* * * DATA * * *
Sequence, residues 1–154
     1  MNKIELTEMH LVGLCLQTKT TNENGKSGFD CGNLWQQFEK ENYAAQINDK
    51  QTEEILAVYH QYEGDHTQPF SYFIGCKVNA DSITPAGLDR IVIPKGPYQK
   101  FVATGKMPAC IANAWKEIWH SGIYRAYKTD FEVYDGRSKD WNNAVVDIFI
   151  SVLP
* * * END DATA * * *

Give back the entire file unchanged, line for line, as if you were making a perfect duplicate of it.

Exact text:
Sequence, residues 1–154
     1  MNKIELTEMH LVGLCLQTKT TNENGKSGFD CGNLWQQFEK ENYAAQINDK
    51  QTEEILAVYH QYEGDHTQPF SYFIGCKVNA DSITPAGLDR IVIPKGPYQK
   101  FVATGKMPAC IANAWKEIWH SGIYRAYKTD FEVYDGRSKD WNNAVVDIFI
   151  SVLP